Short Grammar Questions


It’s not part of the relative clause if it’s genitive. It’s using its genitive effect on the whole relative clause that follows. But you can make sentences that work either way.

At the end of the day, this is a “looking under the hood” type discussion. As long as you know when you can use が and の you don’t need to know how linguists break the sentences up.


There is an example for this in DoJG (for が => の):
You cannot replace が with の if the subject of the sentence is followed by a noun because the meaning changes.

トムがフットボールの切符をあげた女の子 (the girl to whom Tom gave a football ticket)
トムのフットボールの切符をあげた女の子 (the girl to some (someone) gave Tom’s football ticket)


Thank you ! Now It’s time to study Tobira >_< !


Okey short question:
There are the i-adjective 小さい and 大きい. Then there are the “pre noun adjectival” (WTF?) 小さな and 大きな. So the い gets somehow replaced by the な?! Is there a rule? I read Tae Kims Guid up to the end of essential grammar, but there was nothig like that (I think).

Could someone please give me an expample, that makes the difference between these wordpairs clear? Because in the sentances I found, they were interchangable.

~T :lion:


Imabi has an article on it.

There’s a pretty limited number of these, it’s not generalized to where you can make every one into the other.


Thank you very much :slight_smile:
Now I understand why Tae Kim left this chapter out. It is pretty complicated for a non-native speaker to understand the difference and it is not a concept that works for all vocab.
So i think, i will just learn these few words as seperate vocabs and I’m fine :wink:

(by the way: I have also been wondering in my subconsciousness about the use of 新た(な) and 暖かな. I just realized that now… lol, the subconsiousness is such a fun thing…)

~T :lion:


I just talked it over with my teacher. I think I have it all straightened out now.

Just as you guys were saying, the genitiveの⇒が switch only happens in archaic phrases.

In all other cases it can only happen が⇔の when the particle acts as the subject marker of the subordinate clause.

Thanks guys, I learned a lot today! (Or actually only one thing, but I learned it well!:grin:)


Have a question about a translation:

the scene: a dentists office. one of the secretaries is trying to hand some papers to another secretary who is not paying attention. After having her name called a couple of times the other secretary finally “comes to” and says “はい” and takes the documents.

then the woman who was trying to get the other’s attention says (i think):

なに ほう と して。。。

maybe ほうとう

and the translation is “you were really spaced out…”

any guesses on how you get from that text to that translation?


I’m not doubting your ears, but isn’t ボーっとする pretty common in that kind of situation?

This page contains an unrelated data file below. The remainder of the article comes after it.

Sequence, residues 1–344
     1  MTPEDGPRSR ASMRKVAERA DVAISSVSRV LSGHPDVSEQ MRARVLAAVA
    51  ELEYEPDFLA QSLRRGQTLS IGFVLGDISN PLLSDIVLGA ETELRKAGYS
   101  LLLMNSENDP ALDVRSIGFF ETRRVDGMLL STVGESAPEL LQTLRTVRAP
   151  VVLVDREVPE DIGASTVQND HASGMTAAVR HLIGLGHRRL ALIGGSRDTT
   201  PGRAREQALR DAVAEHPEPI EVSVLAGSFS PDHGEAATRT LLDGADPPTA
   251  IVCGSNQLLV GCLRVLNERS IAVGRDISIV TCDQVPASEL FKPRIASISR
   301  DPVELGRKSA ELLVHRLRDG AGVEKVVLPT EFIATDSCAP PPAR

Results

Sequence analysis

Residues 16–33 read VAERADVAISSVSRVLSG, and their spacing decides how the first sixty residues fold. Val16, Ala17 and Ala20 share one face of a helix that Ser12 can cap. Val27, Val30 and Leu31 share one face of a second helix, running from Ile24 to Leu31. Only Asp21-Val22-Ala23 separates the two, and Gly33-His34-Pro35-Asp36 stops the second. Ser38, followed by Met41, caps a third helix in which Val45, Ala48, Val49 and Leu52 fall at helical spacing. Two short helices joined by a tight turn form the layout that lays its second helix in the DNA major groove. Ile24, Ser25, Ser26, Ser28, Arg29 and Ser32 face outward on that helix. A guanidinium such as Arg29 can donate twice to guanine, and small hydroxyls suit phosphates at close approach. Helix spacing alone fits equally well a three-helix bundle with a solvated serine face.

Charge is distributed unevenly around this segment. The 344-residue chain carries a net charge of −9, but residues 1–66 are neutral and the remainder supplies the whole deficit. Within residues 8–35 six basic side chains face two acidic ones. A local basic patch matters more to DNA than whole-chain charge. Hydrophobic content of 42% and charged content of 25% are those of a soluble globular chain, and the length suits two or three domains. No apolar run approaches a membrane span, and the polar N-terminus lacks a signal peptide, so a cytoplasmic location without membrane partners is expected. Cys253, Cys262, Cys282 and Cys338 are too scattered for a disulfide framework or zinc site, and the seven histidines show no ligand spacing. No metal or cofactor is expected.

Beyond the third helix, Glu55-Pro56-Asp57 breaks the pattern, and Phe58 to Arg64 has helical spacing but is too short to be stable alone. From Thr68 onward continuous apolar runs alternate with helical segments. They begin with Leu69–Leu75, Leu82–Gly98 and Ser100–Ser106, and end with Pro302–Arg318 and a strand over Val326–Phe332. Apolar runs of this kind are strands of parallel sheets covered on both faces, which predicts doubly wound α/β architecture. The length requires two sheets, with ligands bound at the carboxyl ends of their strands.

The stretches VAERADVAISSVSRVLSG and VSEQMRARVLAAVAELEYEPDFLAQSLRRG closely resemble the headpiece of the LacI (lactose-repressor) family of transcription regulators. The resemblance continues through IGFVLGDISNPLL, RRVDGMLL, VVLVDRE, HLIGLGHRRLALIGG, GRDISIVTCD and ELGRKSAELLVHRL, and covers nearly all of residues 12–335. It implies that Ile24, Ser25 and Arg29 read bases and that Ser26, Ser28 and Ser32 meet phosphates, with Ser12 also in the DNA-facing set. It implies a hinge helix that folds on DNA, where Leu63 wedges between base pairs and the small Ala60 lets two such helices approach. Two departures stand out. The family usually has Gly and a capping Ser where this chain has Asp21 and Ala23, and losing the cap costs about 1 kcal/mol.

That seems correct. Thanks


Hello which of the following (if either…) are grammatically correct?


Does one sound better than the other (and if you can explain why please do!)

Thanks in advance


I think in your first sentence there is a stray で in the sentence, not sure what the idea is there. You don’t need anything there, but you could also put another と there.

The second sentence looks ok.

I think the second one is better because the first one is ambiguous. It doesn’t necessarily mean that Tanaka-san and the others went together. The other sentence indicates that they went together. It also has a concrete subject and not a group of people that you don’t really know much about.

[No guarantees here though :slight_smile:]


Thanks for you reply - I’m just starting out with grammar so my sentence structure is still abysmal.


The sentences already seem very good :slight_smile: Why did you put the で there?

The Dictionary of Basic Japanese Grammar lists the first と as “a particle which lists things exhaustively” and the other is “a particle marking the noun phrase which maintains a reciprocal relationship with the subject of the clause”, and your sentences capture the difference quite nicely.


To be honest, I have no idea why I put the で there aside from the fact that when I was trying to produce this sentence it ‘sounded right’ in my head.

The second sentence was based off the structure of another sentence in a book so I had something to reference with that one.The first sentence was me trying to blindly create it without really knowing how to.


I also think the second sentence sounds better.

With regard to the first sentence, although it’s possible, I can’t think of the point of including an unnamed individual in the topic when the other individual was explicitly identified.


Okay good to know. Thanks for the tip.


Maybe you were thinking of “電車で” (with a train/by train) because you felt that the と in AとB is not enough to show that both go together (which in fact is an issue here).

It’s often more valuable to look at your mistakes than just to accept the right answer :+1:


Thanks buddy - that’s some good advice. Thanks for taking the time to explain it to me too. Happy Friday!


My method is editing the mistake out of my reply and then lashing out at those who helped me by pretending I never made a mistake in the first place. To each their own.